&& sudo dpkg -i ${{ runner.temp }}/hugo.deb          
      - name: Install Dart Sass Embedded
        run: sudo snap install dart-sass-embedded
      - name: Checkout # 4
        uses: actions/checkout@v3
          submodules: recursive
      - name: Setup Pages
        id: pages
        uses: actions/configure-pages@v3
      - name: Install Node.js dependencies # 5
        run: "[[ -f package-lock.json || -f npm-shrinkwrap.json ]] && npm ci || true"
      - name: Build with Hugo # 6
          TINA_CLIENT_ID: ${{ secrets.TINA_CLIENT_ID }} # 7
          TINA_TOKEN: ${{ secrets.TINA_TOKEN }}
          TINA_BRANCH: main
          HUGO_ENVIRONMENT: production
          HUGO_ENV: production
        run: |
          npm run build          
      - name: Upload artifact # 8
        uses: actions/upload-pages-artifact@v1
          path: ./static # 9
      name: github-pages
      url: ${{ steps.deployment.outputs.page_url }}
    runs-on: ubuntu-latest
    needs: build
      - name: Deploy to GitHub Pages # 10
        id: deployment
        uses: actions/deploy-pages@v2

What this does:

  1. Sets the action to occur whenever I push to the main branch.
  2. Sets up a container to run the action in.
  3. Installs Hugo CLI.
  4. Checks out the code.
  5. Installs Node dependencies.
  6. Generate the static pages.
  7. Uses the secrets set up earlier.
  8. Uploads the generated static pages.
  9. Uses the configured generated pages location from a previous blog post.
  10. Actually deploys the site.

Testing the Deployment

This is easy to do. Just create a PR to the main branch, and merge it. Observe the action on the Actions tab for your repo. If your action succeeds, there will be a lovely green checkmark next to it.

A screenshot of a successful Github Action with a green checkmark and the text “TinaCMS content update by Janette Rounds”. Under that, there is more text “Deploy Hugo site to Pages #85: Commit e314b22 pushed by tina-cloud-app \[bot\]”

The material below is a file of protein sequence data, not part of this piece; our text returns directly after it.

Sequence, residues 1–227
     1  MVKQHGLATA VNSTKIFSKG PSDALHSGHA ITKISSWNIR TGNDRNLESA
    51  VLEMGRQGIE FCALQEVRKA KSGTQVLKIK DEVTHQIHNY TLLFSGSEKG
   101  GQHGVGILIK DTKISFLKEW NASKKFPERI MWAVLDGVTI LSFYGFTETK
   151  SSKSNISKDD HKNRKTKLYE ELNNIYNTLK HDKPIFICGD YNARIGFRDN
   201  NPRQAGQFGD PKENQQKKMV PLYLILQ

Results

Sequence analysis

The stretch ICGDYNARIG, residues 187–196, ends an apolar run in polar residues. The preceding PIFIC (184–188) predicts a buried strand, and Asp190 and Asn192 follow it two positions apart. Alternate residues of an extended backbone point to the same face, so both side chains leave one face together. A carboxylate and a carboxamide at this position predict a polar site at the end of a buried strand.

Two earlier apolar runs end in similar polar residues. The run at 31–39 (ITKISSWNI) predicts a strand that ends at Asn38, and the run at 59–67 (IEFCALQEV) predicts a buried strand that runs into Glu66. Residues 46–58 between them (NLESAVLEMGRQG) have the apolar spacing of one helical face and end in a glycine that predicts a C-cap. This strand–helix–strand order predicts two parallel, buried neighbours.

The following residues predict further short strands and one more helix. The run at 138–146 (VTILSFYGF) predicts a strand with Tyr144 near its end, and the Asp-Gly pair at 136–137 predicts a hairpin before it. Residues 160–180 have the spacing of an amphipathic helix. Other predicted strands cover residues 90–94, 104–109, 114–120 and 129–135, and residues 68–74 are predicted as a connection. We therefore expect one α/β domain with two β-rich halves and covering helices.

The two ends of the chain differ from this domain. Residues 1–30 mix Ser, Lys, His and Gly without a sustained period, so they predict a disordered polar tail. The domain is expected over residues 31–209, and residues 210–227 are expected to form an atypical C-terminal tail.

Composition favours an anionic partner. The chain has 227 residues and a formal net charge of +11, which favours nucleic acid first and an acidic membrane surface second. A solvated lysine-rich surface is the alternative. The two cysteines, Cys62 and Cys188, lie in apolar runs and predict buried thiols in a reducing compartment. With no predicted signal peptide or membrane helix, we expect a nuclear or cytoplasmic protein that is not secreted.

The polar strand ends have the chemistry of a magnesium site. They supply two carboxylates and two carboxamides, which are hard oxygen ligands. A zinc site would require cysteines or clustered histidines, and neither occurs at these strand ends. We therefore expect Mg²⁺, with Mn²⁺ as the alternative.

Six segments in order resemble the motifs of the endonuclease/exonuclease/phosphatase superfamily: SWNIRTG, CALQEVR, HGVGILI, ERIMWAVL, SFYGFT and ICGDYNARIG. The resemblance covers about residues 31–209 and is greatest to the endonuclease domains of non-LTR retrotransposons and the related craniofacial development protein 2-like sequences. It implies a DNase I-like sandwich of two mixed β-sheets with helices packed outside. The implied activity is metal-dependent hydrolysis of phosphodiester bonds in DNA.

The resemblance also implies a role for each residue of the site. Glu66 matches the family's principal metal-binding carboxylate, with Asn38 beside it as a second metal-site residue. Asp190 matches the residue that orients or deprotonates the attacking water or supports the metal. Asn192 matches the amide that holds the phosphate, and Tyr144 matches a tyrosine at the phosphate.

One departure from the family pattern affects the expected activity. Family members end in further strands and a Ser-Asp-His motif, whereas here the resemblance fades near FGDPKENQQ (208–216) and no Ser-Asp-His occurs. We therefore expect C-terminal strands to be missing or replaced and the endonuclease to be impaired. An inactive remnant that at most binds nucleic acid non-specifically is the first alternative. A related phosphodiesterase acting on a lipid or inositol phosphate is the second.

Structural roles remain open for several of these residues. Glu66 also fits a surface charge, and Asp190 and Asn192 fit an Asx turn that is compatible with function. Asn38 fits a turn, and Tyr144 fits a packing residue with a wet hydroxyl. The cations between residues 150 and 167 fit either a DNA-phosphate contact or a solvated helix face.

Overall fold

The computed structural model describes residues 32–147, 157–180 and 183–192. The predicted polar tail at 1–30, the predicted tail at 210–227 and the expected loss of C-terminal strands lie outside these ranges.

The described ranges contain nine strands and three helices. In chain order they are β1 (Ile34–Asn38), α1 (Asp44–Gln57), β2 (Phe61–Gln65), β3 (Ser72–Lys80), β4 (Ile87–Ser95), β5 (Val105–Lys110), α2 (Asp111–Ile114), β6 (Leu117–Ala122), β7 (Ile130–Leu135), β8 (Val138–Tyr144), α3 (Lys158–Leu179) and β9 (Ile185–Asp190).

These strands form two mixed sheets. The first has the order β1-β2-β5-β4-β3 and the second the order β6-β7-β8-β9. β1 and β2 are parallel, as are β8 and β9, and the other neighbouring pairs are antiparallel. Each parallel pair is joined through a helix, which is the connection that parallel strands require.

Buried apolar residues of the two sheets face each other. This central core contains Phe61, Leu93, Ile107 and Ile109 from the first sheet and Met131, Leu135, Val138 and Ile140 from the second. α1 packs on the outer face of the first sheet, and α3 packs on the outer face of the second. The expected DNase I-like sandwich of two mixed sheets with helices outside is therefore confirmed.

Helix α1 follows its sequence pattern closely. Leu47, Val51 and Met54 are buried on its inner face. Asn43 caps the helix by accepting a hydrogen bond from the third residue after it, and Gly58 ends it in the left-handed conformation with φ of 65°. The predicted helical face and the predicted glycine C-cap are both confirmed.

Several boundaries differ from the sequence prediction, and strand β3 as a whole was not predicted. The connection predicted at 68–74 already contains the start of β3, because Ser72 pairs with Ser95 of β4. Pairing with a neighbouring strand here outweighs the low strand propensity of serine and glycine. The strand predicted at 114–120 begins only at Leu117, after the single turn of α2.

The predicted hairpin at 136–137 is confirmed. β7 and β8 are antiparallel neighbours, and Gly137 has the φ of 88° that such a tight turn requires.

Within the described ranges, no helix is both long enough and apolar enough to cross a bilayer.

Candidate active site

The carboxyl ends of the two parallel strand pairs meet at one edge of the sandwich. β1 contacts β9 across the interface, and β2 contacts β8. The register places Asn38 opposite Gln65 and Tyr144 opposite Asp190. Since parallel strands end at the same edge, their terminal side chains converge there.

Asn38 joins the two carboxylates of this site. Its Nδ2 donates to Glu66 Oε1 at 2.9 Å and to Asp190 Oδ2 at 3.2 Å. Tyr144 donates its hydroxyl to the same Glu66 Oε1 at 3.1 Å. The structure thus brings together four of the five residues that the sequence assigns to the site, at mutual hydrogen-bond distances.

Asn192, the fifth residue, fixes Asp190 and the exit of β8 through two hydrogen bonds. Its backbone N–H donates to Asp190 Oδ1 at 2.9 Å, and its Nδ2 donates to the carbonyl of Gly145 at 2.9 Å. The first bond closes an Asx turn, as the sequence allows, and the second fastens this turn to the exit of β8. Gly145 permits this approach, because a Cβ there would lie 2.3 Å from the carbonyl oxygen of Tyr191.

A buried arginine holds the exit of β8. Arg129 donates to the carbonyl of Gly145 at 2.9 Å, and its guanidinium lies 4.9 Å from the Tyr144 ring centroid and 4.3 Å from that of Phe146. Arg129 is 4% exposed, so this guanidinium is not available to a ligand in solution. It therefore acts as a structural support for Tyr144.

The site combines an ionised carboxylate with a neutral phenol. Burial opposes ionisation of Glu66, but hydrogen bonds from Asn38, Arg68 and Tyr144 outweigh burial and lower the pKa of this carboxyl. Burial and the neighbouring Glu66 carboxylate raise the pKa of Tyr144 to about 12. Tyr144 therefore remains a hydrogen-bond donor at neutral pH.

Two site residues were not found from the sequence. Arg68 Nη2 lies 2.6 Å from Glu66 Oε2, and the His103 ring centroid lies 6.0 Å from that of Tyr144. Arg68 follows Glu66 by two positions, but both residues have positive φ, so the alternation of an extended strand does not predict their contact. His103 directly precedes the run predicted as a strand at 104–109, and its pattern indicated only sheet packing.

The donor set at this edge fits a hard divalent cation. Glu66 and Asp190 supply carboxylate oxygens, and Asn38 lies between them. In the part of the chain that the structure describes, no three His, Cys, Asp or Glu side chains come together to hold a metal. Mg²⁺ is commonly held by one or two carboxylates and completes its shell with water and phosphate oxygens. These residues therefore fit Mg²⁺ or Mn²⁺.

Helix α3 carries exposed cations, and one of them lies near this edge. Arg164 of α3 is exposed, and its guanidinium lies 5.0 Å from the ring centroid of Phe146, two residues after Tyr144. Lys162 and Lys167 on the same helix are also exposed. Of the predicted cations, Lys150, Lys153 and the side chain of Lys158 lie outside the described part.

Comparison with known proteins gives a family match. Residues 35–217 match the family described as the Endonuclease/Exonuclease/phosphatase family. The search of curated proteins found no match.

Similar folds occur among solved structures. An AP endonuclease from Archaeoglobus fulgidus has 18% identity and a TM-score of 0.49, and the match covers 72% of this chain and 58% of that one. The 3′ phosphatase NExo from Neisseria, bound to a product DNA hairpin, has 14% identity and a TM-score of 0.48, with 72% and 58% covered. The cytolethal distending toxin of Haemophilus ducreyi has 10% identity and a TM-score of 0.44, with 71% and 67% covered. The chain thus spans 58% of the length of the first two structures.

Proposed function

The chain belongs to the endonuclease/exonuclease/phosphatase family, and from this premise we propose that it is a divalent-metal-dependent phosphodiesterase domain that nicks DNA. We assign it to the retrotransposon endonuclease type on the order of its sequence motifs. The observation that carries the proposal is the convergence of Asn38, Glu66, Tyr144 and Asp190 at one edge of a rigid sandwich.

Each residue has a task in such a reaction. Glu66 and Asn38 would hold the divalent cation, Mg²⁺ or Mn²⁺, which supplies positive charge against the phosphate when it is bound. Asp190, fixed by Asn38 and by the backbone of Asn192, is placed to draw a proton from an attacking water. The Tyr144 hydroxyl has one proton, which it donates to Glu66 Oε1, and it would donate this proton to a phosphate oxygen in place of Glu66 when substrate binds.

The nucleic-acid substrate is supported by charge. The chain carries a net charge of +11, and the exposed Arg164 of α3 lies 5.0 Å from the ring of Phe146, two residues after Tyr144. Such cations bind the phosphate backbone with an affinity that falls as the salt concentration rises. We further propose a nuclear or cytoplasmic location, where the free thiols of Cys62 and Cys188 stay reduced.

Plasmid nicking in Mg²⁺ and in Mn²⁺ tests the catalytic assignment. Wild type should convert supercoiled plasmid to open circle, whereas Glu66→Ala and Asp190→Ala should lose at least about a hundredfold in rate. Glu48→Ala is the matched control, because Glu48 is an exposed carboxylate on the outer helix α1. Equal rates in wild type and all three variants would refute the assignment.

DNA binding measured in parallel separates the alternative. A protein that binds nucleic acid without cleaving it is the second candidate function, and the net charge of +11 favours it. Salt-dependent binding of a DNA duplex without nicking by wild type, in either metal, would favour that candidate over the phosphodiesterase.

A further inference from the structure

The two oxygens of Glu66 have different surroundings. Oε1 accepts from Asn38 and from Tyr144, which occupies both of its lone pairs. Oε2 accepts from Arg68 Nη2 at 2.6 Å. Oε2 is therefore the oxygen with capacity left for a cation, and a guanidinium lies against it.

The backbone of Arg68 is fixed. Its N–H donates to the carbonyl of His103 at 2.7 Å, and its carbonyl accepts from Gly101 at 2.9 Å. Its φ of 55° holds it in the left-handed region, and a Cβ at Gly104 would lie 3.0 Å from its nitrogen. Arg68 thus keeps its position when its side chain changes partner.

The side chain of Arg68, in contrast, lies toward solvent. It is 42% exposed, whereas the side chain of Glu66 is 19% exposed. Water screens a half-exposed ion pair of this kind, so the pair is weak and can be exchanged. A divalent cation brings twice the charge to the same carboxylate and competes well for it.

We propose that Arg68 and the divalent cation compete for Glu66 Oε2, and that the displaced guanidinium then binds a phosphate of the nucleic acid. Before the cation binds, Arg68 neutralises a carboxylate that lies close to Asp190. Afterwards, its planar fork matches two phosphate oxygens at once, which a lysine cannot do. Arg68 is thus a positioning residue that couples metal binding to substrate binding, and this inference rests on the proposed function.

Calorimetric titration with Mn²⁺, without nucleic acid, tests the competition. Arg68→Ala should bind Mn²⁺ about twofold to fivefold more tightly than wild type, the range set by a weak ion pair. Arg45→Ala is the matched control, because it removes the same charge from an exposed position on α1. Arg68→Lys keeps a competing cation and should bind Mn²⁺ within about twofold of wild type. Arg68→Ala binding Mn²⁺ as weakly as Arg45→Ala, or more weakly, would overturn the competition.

If your action does not succeed, you can then click on the failed deployment and check out the logs.


  • I originally had planned to use Namecheap for shared hosting as well. I went through some struggles before I finally gave up on Namecheap shared hosting including:
    • Using cPanel.yaml to deploy directly to Namecheap. However, this required I add a yaml file with my cPanel username checked into source control in the root directory. My cPanel username is not a super huge secret, but I still didn’t want it floating about the internet. (I have since changed my cPanel username.)
    • Using Github integration with Namecheap to checkout the updated code on Namecheap shared hosting and then build it, and move the static pages into the correct folder for the public site. There were a lot of problems with this plan: I needed Hugo to be installed on the Namecheap shared host, the version of Node was incompatible with many of the packages that TinaCMS requires, and worst of all, there were still manual steps in the process that I would have had to automate with shell scripts or something.
    • Using the Github Action to generate the static pages and then use FTP to upload the generated pages to Namecheap shared hosting. This wasn’t working originally, but at that point I hadn’t figured out how to configure Hugo to generate everything in the static directory rather than the public directory. However, I’ve since figured it out, so I suppose this might work if I need to move away from Github Pages.

Wrapping Up

This site is pretty simple, all things considered, so for right now, generating and deploying the static pages is all I really need. However, there are a LOT of ways to use Github Actions to automate things. For example, you could use it to run unit tests, deploy to a development or testing environment prior to full deployment, notify folks of changes, generate a changelog, and many more things. I hope this was helpful to you, or at least that I convinced you that your deployments should be automated. Thanks for reading!